The monastery was initially founded as Petit Clairveax in 1825 by Trappist Father Vincent de Paul (Jacques Merle) who faithfully served the Acadians and Mi’kmaq in the area (In 1868 a settlement of Tracadie was renamed Merland in his honour). A number of monks from Belgium arrived in 1857 which helped the monastery a great deal. Sadly, in 1892 the entire monastery burned to the ground, but thankfully no one was killed. The monastery was rebuilt in 1894 (the main building that stands on the site today). In 1902 the Timadeuc community of the Order of Cistercians of the Strict Observance purchased the monastery from the Spencer community in order to found a refuge, while Spencer moved to Providence RI. In 1919 Timadeuc returned to France and left the monastery vacant.
For more on the early history of the Monastery, see: Pioneer monks in Nova Scotia, Luke Schrepfer (1947).
In 1938 when Hitler was at the height of his power in Germany and it was evident that all Religious Orders would be expelled from that country, a group of German Augustinians purchased the monastery, renamed it “St. Augustine’s” and restored it. The Augustinians established a model farm in service of the community, opened a retreat house in 1948, and opened Our Lady of Grace Shrine and the Holy Spring in 1952. Additionally, they built the present chapel in 1960 and established a recovery house in 1972. In 1999, declining in numbers, the Augustinian Fathers left the monastery and transferred to their house in Marylake, north of Toronto.
A group of Maronite monks arrived at the monastery in 2000 and gave it the current name “Our Lady of Grace”. The Monks of St. Maron lived a simple life of prayer, work and silence. They maintained the monastery as a place of quiet prayer and provided daily public services as well as maintaining the retreat house. The Maronite monks also made major improvements to the chapel and exterior of the retreat house. The Maronite monks left the monastery in 2007.
In late 2007, the Contemplative Augustinian Nuns from Rome moved into the Monastery. The Nuns dedicate their lives to prayer and a mission that includes the preservation and maintenance of the historic Our Lady of Grace Monastery and Shrine as a place of worship and spiritual refuge.
Chapel – The chapel building was constructed in 1952. The building is a one storey wood frame structure with a small rear balcony. The building was constructed on a concrete slab foundation. Much of the building has been upgraded since 2002 and it has received a good standard of maintenance since. The building was constructed using good quality materials and workmanship for the day. Attached to the chapel is a Sacristy room for preparation and storage of items and includes extensive cabinetry. The Maronite monks installed hot water in floor radiant heating in the chapel during their tenure at the monastery. The chapel area has exposed brick walls and wood cathedral ceilings and the overall condition of this structure is quite good.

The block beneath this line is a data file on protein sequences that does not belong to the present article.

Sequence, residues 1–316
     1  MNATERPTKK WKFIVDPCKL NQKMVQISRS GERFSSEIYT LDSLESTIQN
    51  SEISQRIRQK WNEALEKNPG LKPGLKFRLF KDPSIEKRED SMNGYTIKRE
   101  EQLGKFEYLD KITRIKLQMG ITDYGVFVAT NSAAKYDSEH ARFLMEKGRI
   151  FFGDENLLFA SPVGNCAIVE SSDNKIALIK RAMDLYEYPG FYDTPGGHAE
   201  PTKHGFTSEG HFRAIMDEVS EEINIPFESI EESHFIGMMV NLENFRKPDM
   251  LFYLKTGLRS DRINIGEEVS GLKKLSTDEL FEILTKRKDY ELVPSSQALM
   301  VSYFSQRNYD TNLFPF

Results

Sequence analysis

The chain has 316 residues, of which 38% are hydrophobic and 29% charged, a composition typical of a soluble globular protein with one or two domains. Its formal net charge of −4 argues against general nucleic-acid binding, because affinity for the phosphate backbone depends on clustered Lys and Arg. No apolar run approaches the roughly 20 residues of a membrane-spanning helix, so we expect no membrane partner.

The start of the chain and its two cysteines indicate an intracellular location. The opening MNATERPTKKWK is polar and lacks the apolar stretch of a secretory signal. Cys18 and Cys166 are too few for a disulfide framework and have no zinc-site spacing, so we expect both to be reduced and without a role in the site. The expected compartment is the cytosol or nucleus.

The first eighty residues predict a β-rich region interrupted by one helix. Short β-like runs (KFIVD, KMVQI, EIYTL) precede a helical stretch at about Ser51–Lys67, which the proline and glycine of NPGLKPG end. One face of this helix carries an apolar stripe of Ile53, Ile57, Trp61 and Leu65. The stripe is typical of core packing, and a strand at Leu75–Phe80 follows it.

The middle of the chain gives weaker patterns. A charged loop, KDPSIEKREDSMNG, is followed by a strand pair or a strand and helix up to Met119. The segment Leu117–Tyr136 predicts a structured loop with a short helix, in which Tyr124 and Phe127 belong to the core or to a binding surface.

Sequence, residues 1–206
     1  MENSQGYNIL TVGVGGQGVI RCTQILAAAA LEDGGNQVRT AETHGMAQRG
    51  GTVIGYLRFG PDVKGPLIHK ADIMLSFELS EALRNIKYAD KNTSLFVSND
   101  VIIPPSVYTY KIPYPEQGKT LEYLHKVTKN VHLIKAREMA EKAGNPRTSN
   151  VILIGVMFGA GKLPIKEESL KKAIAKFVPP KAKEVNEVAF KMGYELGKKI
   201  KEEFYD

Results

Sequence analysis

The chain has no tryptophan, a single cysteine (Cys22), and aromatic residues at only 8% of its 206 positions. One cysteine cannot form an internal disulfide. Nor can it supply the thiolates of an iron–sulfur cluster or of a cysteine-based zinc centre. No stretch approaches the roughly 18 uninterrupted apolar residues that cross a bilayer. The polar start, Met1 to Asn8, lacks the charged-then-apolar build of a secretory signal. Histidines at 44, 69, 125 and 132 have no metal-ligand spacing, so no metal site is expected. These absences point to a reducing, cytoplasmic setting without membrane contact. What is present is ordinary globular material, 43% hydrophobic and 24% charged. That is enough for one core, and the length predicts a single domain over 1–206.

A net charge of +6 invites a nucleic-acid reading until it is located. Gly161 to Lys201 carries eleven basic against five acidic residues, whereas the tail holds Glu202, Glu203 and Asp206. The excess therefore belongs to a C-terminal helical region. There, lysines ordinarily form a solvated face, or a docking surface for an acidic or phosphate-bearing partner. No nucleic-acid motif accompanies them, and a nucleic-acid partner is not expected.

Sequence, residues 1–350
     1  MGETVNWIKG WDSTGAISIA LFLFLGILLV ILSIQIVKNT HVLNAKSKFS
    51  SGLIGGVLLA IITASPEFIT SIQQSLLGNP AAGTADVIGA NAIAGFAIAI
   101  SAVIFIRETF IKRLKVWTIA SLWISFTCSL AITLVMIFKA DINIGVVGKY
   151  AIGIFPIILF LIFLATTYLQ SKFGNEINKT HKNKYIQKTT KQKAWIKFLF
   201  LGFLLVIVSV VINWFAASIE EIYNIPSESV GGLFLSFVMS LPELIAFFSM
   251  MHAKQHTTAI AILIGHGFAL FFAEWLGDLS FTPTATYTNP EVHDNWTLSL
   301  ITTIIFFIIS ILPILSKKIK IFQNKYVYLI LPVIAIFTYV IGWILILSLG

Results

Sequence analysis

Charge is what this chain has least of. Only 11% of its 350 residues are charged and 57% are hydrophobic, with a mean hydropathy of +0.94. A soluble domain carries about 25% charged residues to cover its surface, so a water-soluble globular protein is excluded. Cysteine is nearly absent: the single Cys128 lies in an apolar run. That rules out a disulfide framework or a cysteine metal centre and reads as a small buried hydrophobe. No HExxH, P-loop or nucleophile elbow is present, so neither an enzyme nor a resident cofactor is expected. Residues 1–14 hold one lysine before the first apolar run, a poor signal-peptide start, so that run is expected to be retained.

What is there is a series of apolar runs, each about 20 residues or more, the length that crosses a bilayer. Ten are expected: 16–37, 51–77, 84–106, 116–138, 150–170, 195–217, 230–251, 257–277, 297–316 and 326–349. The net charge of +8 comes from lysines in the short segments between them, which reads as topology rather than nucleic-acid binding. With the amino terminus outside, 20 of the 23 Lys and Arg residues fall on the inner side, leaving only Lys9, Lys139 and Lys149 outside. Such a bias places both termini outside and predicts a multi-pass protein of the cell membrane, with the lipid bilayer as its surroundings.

Retreat House – This building consists of a masonry exterior frame with wood frame floors. The perimeter walls and roof structure of the retreat house were remediated by the Maronite monks. The brickwork was repointed where necessary and new windows and doors were installed. The building was constructed using good quality materials and workmanship for the day but the building is now exhibiting signs of deferred maintenance. The building exhibits a generally functional layout for its intended purpose but is very under utilized at present.
Our Lady of Grace Shrine – Located in a natural outdoor setting, the Shrine’s in-going and out-going paths wend along a tiny rippling brook to a birch and fern banked place of prayer. Stations of the Cross mark the way along the short in-going path. The Shrine is known as “Holy Spring.” Cool, crystal clear water constantly bubbles from a rock braced spring. The beginning of this hallowed spot reached far back to the history of the “Belgian Monks.” The discovery and blessing of the refreshing spring is credited to the third prior of the Monastery, Fr. James Deportment, who had arrived there in 1857 or 1858.
Our Lady of Grace Shrine did not escape the ravages of Hurricane Fiona in September, 2022. There was significant erosion to the walkways and a number of fallen trees and broken branches. The Shrine will require remediation work in advance of the annual rosary procession to the Chapel of Saint Anne in July, 2023.
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